August 6, 2006

I gain five pounds every weekend.

Why? BECAUSE I KEEP EATING AT NEW RESTAURANTS. Seriously, can TheGourmetro pay my gym dues? :P

ANYWAY! This weekend's been a bit of a randomness party, in terms of fooding. Yesterday, Aaron and Debbie (my usual partners in food crime) hit Minerva Indian Cuisine in Fairfax for a pretty delicious dinner. I hear mixed reviews from actual Indians, but I will say that I myself generally enjoy it. It might have a little bit to do with the gimmick, which I'll explain in just one second.

Minerva has a giant purple sign in a dingy strip mall on 29 in Fairfax, next to a snowboarding shop (snowboarding shop? WTH?). Inside, it's pretty cavernous, with what looks like an extensive buffet setup in the back. I assume it's for lunch, as I've never seen it in action during dinner hours. The menu's pretty enormous, and I could be entirely misquoting, but it appears to specialize in "Hyderabadi" cuisine, in addition to favorites like (Meat Name) Vindaloo.

Debbie and I both ordered mango lassi (mmm, smoothieeeee). Normally, I'd head straight for chai, but given the ridiculously intemperate weather, adding liquid heat seems a bit stoopid. Aaron's generally content with water at Indian restaurants...largely due to an incident at Nawab in Williamsburg in which he ordered something "AS HOT AS POSSIBLE" and uh, got it. (God, I LOOOOOVE Nawab by the way. LOVE.)

Entree-wise, I ordered Chicken Vindaloo (wasn't feeling too lamby, but I loooove Vindaloo anything) and Debs ordered Chicken something-something. It had almonds in it, and that's all I remember. Aaron ordered Guthi Vankaya, which was eggplant in an interesting, kind of peanut-y savory sauce. He gets points for adventure, but none of us liked his dish, so we ended up splitting ours. Here's where the gimmick comes in: When you order the Dinner version (as opposed to the a la carte) of any particular dish, it comes with six little side dishes, including corn chowder, mulligatawny soup, dal, and something else. Dessert, two pieces of naan, and raita are also included. Dinner orders average 12.95, and so for 13 bucks, you end up with a significant amount of food. Plenty ends up going home with you. So, Aaron ate all his side dishes and naan with my sauce. Still worked out.

Afterwards, we headed to U St, where I was hoping to get some Crunchy Feet at the previously mentioned CakeLove before hitting the Black Cat for the Depeche Mode Dance Party, but alas, no go. However, at 1:15 on the Metro, we realized we were hungry again and hit the Fairfax IHOP, which I'm sure we don't need to discuss ::foodie guilt::. My only comment is goddammit, COOK YOUR EGGS IN BUTTER. Thank you.

And then today, lunch led us (at Debbie's urging) to the inestimable Turcuisine in Herndon. So. GOOD. Very friendly and attentive service, for starters. We ordered the dolmas as a starter (rice pilaf wrapped in grape leaves, served with tzatziki and lemon)and they were SO. GOOD. Well, assuming you like them to start with...Aaron doesn't. Some people object.

Then, Adana kebabs in pita for Aaron and I, and a Kofta for Debs. I have to say, they were some of the best kebabs I've had. I've had some issues with kebabs being heavy and food-coma inducing, but these were light, and well-spiced, with some of the fluffiest pitas I've had. with two Turkish coffees sweetened to taste, lunch ran approximately $35 for three people. I highly recommend you try this restaurant if you're in the area.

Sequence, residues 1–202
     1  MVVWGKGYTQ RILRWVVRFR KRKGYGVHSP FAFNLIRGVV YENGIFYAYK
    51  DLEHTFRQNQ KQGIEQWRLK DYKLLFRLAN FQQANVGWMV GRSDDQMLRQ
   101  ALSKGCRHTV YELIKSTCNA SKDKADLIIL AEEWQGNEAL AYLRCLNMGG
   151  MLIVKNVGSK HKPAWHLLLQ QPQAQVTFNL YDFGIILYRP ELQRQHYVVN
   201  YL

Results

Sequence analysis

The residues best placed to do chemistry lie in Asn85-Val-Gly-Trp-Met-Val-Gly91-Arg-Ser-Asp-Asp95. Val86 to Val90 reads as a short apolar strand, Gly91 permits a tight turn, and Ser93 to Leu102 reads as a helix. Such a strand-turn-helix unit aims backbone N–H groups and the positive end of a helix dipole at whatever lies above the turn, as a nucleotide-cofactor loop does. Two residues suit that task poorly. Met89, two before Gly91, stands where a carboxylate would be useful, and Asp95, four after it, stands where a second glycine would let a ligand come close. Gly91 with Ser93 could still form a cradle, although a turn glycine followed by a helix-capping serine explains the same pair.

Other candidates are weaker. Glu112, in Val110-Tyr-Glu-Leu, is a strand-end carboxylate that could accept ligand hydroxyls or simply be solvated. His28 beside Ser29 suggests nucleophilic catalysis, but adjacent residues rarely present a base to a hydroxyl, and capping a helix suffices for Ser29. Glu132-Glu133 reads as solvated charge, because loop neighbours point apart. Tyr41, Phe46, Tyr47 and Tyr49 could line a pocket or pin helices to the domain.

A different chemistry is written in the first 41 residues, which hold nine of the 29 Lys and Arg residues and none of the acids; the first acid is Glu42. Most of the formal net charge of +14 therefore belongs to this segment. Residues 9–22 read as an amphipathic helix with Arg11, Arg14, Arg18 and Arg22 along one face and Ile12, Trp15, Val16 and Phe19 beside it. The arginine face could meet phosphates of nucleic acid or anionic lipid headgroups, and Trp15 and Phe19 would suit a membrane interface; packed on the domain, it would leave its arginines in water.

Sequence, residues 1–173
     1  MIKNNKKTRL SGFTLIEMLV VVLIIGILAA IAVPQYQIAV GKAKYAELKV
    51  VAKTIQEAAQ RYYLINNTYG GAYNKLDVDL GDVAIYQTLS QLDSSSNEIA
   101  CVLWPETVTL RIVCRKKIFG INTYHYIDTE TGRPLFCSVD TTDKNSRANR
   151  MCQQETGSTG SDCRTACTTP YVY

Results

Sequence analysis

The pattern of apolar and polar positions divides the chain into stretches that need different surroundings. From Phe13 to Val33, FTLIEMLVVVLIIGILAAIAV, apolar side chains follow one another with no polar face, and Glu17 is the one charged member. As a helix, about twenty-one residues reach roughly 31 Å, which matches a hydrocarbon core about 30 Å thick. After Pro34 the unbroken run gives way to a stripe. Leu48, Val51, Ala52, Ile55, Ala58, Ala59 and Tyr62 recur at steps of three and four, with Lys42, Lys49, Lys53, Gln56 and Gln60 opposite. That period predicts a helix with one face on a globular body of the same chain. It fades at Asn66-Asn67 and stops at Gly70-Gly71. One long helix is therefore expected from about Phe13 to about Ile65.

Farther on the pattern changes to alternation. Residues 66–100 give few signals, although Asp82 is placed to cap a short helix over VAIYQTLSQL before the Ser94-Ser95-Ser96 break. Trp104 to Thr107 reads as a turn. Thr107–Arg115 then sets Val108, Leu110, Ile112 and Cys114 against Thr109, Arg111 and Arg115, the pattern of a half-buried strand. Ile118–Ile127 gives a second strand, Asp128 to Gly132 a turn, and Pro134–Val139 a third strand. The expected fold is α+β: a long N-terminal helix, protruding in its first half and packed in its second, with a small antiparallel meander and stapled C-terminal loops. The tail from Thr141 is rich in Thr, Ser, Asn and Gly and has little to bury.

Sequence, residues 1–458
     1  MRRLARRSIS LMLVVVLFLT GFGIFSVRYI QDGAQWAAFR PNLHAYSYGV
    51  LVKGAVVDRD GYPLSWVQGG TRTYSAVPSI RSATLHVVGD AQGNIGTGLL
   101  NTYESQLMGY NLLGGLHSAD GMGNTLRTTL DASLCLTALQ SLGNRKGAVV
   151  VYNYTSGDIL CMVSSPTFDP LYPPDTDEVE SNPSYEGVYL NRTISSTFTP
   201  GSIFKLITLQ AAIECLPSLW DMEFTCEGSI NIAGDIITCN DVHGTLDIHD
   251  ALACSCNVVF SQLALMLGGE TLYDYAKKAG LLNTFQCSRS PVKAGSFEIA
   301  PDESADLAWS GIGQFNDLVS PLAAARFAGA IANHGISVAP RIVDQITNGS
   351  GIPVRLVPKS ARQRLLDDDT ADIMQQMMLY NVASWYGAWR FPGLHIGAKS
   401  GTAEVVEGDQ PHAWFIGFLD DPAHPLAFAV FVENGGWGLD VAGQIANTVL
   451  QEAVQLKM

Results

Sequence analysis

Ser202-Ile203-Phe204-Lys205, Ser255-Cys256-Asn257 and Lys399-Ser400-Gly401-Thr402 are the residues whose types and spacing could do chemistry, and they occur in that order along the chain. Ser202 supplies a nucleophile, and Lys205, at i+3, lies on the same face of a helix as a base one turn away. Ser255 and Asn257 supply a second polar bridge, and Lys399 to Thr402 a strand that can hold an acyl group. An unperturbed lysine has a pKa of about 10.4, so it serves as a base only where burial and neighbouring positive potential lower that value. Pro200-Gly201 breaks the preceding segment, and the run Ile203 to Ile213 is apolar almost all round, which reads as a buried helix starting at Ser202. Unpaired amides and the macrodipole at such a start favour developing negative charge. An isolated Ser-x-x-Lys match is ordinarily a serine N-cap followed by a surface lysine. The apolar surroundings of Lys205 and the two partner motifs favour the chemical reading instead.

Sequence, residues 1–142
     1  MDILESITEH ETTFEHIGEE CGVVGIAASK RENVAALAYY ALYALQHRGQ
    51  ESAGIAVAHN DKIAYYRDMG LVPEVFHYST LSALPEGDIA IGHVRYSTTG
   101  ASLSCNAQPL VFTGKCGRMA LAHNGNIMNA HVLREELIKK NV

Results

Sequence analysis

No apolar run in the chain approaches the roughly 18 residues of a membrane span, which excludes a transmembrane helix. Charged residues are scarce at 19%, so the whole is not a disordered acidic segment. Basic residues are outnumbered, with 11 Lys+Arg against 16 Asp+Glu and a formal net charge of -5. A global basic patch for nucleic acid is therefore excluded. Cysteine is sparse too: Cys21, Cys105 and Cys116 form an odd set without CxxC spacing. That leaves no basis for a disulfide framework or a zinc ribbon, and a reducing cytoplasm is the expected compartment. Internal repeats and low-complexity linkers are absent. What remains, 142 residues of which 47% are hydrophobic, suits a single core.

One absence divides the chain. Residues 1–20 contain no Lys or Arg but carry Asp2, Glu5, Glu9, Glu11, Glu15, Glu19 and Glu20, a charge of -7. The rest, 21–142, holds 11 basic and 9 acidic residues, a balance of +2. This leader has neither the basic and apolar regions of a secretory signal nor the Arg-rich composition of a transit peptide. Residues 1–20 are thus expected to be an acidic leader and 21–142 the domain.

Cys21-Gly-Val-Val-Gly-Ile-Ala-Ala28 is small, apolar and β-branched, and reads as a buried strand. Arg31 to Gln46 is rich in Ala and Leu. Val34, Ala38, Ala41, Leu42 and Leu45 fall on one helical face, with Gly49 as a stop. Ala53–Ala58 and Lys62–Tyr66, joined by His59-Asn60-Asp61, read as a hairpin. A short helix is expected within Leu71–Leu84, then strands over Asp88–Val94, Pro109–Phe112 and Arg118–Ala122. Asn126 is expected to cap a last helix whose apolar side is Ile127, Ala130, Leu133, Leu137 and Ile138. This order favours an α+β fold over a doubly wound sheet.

Cue another break, and it was time for dinner with friends at Harry's Essential Grille in Tyson's Corner. I have to admit, I was biased towards loving this restaurant for starters, as it supports some causes near and dear to my heart: organic, local, and inexpensive. I was just waiting for it to live up to being delicious...and it did. I ordered the Basil Gazpacho and the Pointe Calamari (I'm a major sucker for fried squid bits, in all its variants). The gazpacho had excellent texture and was super-refreshing. The calamari's frying was excellent, but the cilantro aioli could have used more punch...maybe more tartness? and the marinara could have been more generously portioned and spicier. But, I have very distinct feelings on how fried food should be balanced, condiment-wise. Aaron ordered an organic beef burger, which came out slightly over-cooked, but still delicious, and served with RIDICULOUSLY good Yukon Gold steak fries. Mark ordered the rib-eye, which was also somewhat overcooked, but judging from the eye-rolling and moaning, I assume he enjoyed it. I can confirm that his garnishes were delicious - one was an ENTIRE CLOVE of roasted garlic. As a complete garlic devotee, I was very happy. Other members of our little party ordered the trout, Moroccan chicken, and two chocolate souffles.

And, as a bonus, bread to the table is a delicious sourdough laden with walnuts and other nutty bits, served PIPING hot from the oven with organic butter from a farm in Pennsylvania. It totally brought little bready bits of joy to my little treehugging-proto-ecoist heart. :P

All in all, from what I can tell, Essential has a few tiny kinks to work out, but it's VERY GOOD right now, and I think it's worth trying for all concerned. Also, their claim to "popular" prices is pretty true - dinner for Aaron and I was still only around 35-40 dollars, and we were both quite sated. Mark's rib-eye was probably the most expensive thing on the menu, and that was $26. It's a perfectly viable venue for dinner for a couple of postgrads.

Anyway, those are my food adventures for the week. Stay tuned - I'll be making excursions to Boston and Toronto for interviews in the upcoming weeks, and I'll be happily posting from both locales.

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